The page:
PRA published the policy statement PS16/21, which updates the supervisory statement SS11/13 on internal ratings based UK mortgage risk-weights and provides feedback to responses to the associated consultation paper CP14/20. This consultation had included proposals to introduce two complementary expectations on the level of mortgage risk-weights in UK for banks applying the internal ratings-based approaches. The proposals in CP14/20 garnered 10 comments, wherein respondents were generally not in favor of the proposed minimum expectations, with concerns being raised against the proposed 7% risk-weight minimum expectation for individual UK mortgage exposures. The consultation process resulted in certain amendments, with changes to SS11/13 having been scheduled to take effect from January 01, 2022.
In response to the feedback received, PRA has made two changes to the draft policy as consulted on:
- PRA will not introduce the proposed 7% minimum risk-weight expectation on individual UK mortgage exposures. Instead, PRA will consider carefully the calibration of the incoming probability of default (PD) and loss given default (LGD) parameter floors for mortgage exposures as part of the implementation of the Basel 3.1 standards. Revised PD and LGD parameter minimum values will be consulted on as part of the the implementation of the Basel 3.1 standards.
- Mortgage exposures classified as "in default" will be excluded from the 10% average minimum risk-weight expectation
Not introducing the minimum risk-weight expectation on individual UK mortgage exposures will mean that the mortgage risk-weights below the proposed value will continue to be permitted. Firms that would have been impacted by the proposal through increases to their mortgage risk-weights, and the corresponding capital requirements, will no longer be impacted by it. As part of the full implementation of the Basel 3.1 standards, PRA plans to carefully consider calibration of the incoming PD and LGD parameter floors for mortgage exposures. These minima were agreed by BCBS, but PRA will consider whether higher levels would be more appropriate in the UK to reflect concerns about low individual mortgage risk-weights. This would allow for a simpler framework than the original proposal consulted on, by having one less floor covering individual mortgage exposures. PS16/21 has been designed in the context of the end of Brexit transition and any references to the EU or EU-derived legislation refer to the version of that legislation that forms part of the retained EU law.
Effective Date: January 01, 2022
Keywords: Europe, UK, Banking, Mortgage Risk Weights, PS16/21, CP14/20, SS11/13, Credit Risk, Basel, Regulatory Capital, IRB Approach, Probability of Default, Loss Given Default, PRA
Dr. Denton provides industry leadership in the quantification of sustainability issues, climate risk, trade credit and emerging lending risks. His deep foundations in market and credit risk provide critical perspectives on how climate/sustainability risks can be measured, communicated and used to drive commercial opportunities, policy, strategy, and compliance. He supports corporate clients and financial institutions in leveraging Moody’s tools and capabilities to improve decision-making and compliance capabilities, with particular focus on the energy, agriculture and physical commodities industries.
Previous ArticleOSFI Consults on Approach to Address Operational Risk and Resilience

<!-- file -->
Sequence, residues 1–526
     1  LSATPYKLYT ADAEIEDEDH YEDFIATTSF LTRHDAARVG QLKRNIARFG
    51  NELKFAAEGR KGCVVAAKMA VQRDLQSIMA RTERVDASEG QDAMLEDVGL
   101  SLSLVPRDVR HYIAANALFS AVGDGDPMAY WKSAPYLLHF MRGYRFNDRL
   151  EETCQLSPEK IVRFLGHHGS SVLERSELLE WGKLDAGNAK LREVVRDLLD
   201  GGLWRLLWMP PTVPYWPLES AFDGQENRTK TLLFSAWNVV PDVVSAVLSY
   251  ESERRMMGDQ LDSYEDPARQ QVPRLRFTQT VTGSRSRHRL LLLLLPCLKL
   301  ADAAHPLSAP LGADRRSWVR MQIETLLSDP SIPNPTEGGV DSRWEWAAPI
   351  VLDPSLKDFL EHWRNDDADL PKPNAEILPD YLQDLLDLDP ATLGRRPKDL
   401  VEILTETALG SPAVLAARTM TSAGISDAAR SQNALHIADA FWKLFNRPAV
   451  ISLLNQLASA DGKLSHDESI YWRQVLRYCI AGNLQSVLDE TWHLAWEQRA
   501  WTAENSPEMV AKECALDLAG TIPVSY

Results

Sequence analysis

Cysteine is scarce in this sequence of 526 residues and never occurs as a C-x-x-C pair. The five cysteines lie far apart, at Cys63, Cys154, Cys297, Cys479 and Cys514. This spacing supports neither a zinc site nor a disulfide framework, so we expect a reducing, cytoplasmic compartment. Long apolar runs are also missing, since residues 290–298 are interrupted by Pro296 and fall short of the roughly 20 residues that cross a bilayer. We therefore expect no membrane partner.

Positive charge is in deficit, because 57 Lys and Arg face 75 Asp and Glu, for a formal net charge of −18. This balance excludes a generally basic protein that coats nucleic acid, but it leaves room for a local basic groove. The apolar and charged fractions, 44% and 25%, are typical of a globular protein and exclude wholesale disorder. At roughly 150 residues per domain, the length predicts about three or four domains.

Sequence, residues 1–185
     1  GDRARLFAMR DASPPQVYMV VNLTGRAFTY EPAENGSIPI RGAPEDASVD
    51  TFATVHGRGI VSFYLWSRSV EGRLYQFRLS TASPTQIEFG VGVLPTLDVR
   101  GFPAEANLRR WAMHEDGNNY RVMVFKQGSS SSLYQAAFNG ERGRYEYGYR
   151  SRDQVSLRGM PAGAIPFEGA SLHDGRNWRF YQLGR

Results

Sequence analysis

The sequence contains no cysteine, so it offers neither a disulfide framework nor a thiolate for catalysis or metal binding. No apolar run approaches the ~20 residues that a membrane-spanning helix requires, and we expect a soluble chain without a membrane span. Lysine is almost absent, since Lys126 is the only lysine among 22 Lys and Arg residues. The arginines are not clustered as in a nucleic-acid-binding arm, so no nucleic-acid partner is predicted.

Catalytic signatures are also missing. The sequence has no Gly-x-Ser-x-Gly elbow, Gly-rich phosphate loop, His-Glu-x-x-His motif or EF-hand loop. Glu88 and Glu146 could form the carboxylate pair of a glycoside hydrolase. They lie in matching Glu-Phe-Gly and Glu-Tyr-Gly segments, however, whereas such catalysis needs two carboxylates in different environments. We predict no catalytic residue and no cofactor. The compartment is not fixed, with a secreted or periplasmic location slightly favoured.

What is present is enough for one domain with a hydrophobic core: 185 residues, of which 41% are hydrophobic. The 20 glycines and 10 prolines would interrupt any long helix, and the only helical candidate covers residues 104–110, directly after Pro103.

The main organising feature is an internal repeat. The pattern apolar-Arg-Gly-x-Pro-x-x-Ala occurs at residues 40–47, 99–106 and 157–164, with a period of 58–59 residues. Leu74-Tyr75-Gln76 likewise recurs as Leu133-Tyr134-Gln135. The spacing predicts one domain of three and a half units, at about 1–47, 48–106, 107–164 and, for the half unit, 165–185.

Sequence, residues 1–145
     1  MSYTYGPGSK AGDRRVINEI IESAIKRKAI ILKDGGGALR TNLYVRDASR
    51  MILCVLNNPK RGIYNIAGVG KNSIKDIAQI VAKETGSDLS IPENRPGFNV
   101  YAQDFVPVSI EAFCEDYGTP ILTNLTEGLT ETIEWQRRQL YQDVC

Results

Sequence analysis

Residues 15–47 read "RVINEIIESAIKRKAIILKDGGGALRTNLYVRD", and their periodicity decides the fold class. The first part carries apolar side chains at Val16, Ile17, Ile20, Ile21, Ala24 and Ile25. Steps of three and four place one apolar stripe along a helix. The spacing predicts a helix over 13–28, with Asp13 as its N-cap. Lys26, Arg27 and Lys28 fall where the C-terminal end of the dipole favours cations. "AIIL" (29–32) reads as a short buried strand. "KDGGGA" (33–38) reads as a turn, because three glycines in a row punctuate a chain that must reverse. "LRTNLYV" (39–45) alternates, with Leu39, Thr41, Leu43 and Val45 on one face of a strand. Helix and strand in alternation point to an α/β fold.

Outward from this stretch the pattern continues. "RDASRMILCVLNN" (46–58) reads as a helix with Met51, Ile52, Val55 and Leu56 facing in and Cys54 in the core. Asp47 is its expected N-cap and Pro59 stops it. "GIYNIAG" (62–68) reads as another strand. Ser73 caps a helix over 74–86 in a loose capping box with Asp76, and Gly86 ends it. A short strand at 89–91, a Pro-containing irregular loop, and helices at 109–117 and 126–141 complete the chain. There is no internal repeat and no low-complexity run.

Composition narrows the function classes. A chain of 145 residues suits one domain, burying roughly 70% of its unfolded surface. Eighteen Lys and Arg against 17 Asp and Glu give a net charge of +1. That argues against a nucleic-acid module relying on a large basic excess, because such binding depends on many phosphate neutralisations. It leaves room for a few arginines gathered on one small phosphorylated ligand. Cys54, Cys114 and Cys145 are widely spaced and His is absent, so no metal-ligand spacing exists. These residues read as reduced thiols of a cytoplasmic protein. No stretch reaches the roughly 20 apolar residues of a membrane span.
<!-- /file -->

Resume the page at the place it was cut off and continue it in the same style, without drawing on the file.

The Australian Prudential Regulation Authority (APRA) has published the findings of its latest climate risk self-assessment survey conducted across the banking, insurance, and superannuation industries.
The French Prudential Supervisory Authority (ACPR) published a notice related to the methods for calculating and publishing prudential ratios under the Capital Requirements Directive (CRD IV) and the minimum requirement for own funds and eligible liabilities (MREL).
The Financial Stability Institute (FSI) of the Bank for International Settlements recently published a paper proposing a framework for classifying financial stability regulation as either entity-based or activity-based.
The European Insurance and Occupational Pension Authority (EIOPA) published the risk dashboard based on Solvency II data and the final version of the application guidance on climate change materiality assessments and climate change scenarios in the Own Risk and Solvency Assessment (ORSA).
The European Banking Authority (EBA) and the European Central Bank (ECB) published their responses to the consultations of the International Sustainability Standards Board (ISSB) and the European Financial Reporting Advisory Group (EFRAG) on sustainability-related disclosure standards.
A Consultative Group on Risk Management (CGRM) at the Bank for International Settlements (BIS) published a report that examines incorporation of climate risks into the international reserve management framework.
The European Banking Authority (EBA) published the final guidelines on liquidity requirements exemption for investment firms, updated version of its 5.2 filing rules document for supervisory reporting, and Single Rulebook Question and Answer (Q&A) updates in July 2022.
The European Insurance and Occupational Pensions Authority (EIOPA) published Version 2.8.0 of the Solvency II data point model (DPM) and XBRL taxonomy.
The European Union published, in the Official Journal of the European Union, an opinion from the European Economic and Social Committee (EESC); the opinion is on the proposal for a regulation to amend the Capital Requirements Regulation (CRR).
HM Treasury published a draft statutory instrument titled “The Financial Services (Miscellaneous Amendments) (EU Exit) Regulations 2022,” along with the related explanatory memorandum and impact assessment.